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Telesat on why the wait for Lightspeed will be worth it in aero


Though its much-anticipated Lightspeed Low Earth Orbit (LEO) satellite network is delayed, Telesat is “neck deep” in development at the moment and believes the wait will be “well worth it” including for the commercial aviation sector. So said Telesat senior technical product manager Brian Kirby at the Airline Passenger Experience Association’s APEX TECH conference in Los Angeles.

Telesat expects to start launching its MDA-built Lightspeed Ka-band LEO satellites in 2026 and offer global service with a 198-satellite network in 2027. The Canadian satellite operator has a long history in providing geostationary (GEO) services to enterprise markets “and we intend to continue to do that with our LEO product”, assured Kirby, at a time when SpaceX, in contrast, has opted to serve aviation directly with its Ku-band LEO Starlink Aviation service.

“What that means,” said Kirby, “is we are not selling LEO to households, to individuals. We will be selling to companies and no matter if it’s a terrestrial, maritime or aviation service provider they will get a committed information guaranteed service as a result.”

Compliant with MEF 3.0 Carrier Ethernet service standards for seamless plug and play interoperability, Telesat Lightspeed is billed as being “an agile system designed to integrate into your existing infrastructure with minimum complexity, enabling faster and more efficient deployment of connectivity services”. But what does that mean for aviation?

It means that Telesat is pursuing an ‘open system’ approach, staying open, for instance, to both mechanically steered and electronically steered antennas for Lightspeed, and adhering to standards as much as possible to maximize flexibility for operators.

“We have the ARINC AEEC Committee with the 791 and 792 [standards addressing] how to architect a user terminal system inside the airplane. So we would like to adhere it to that as much as possible. Really the only bespoke portion of the Telesat user terminal is the modem card itself,” he said. And in the future “it can go to software defined”.

Basically, if we have a Ka-focused terminal onboard the airplane, it can go through the evaluation process with Lightspeed and get that approved for Lightspeed use with as little change as possible to the hardware.

Depending on how things shift out in the industry, this ‘plug and play’ approach could, for example, open doors for operators that use ThinKom Solutions’ popular multi-orbit capable VICTS hardware for Ka-band GEO connectivity service now to augment their service with Lightspeed Ka LEO or potentially move wholesale to a Lightspeed-powered IFC solution in the future.

Kirby describes this sort of implementation as “a bridge to LEO”, noting that “there won’t ever be any Telesat part number hardware equipment on aircraft, and we’ll let the market decide where the hardware needs to go. And there’s various reasons why there may be some combined GEO/LEO operations in the near-term but moving towards or bridging towards LEO for the long-term as the passenger demand kind of dictates it for the types of apps that they want to use.”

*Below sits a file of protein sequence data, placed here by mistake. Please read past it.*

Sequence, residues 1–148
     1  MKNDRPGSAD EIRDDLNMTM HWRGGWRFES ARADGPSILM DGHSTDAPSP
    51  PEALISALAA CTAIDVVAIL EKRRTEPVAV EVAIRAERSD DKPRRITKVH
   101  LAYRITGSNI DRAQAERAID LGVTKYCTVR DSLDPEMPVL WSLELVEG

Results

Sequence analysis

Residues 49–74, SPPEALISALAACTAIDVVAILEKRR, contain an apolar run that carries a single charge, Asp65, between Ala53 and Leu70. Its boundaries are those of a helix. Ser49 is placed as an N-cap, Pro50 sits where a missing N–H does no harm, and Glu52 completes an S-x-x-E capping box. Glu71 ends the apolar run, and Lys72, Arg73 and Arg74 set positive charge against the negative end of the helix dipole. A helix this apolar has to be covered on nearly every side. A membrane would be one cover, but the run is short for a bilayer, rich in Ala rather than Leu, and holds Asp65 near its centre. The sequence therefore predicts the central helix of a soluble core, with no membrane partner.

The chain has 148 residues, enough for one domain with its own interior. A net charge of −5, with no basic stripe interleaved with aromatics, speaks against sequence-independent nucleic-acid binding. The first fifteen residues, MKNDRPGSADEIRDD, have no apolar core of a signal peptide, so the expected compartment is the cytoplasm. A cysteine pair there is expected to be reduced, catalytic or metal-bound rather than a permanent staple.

Interestingly, during an IFC hardware-focused workshop at APEX TECH, airline participants confided that they’d like to see a ‘multi-orbit, multi-constellation, low-weight, low-latency, high-throughput, low-cost and simple-to-install’ antenna that would enable them to easily switch services as need be and not be wholly reliant on just one constellation or one owned satellite.

This sort of “holy grail of antennas” would maximize flexibility whilst also providing resiliency, protecting operators in the event of a satellite anomaly, for instance. Telesat’s ‘open system’ vision is in sync with this sort of approach.


Another differentiator, said Kirby, is Lightspeed’s optical inter-satellite links, which enable it to process and move traffic as required even over oceans. “So, if need be, if we had a customer that wanted to land traffic on the other side of the planet, with our optical inter-satellite link on each satellite we can move that traffic to where it needs to go so no, we don’t have to have GEO [satellites] in order to do that.”

Shipping data via inter-satellite links will increase latency over water on a LEO system — the further away from the ground station you get. But “your overall total latency is going to be head and shoulders better than what you see with GEO,” said Kirby.

Security is also paramount for Telesat. “[W]e are deep into the development of Lightspeed at the moment. One of our key enterprise customers is US Department of Defense and the Space Force requirements for security weigh heavily upon that design, and all other market verticals will benefit from that,” added the Telesat executive.

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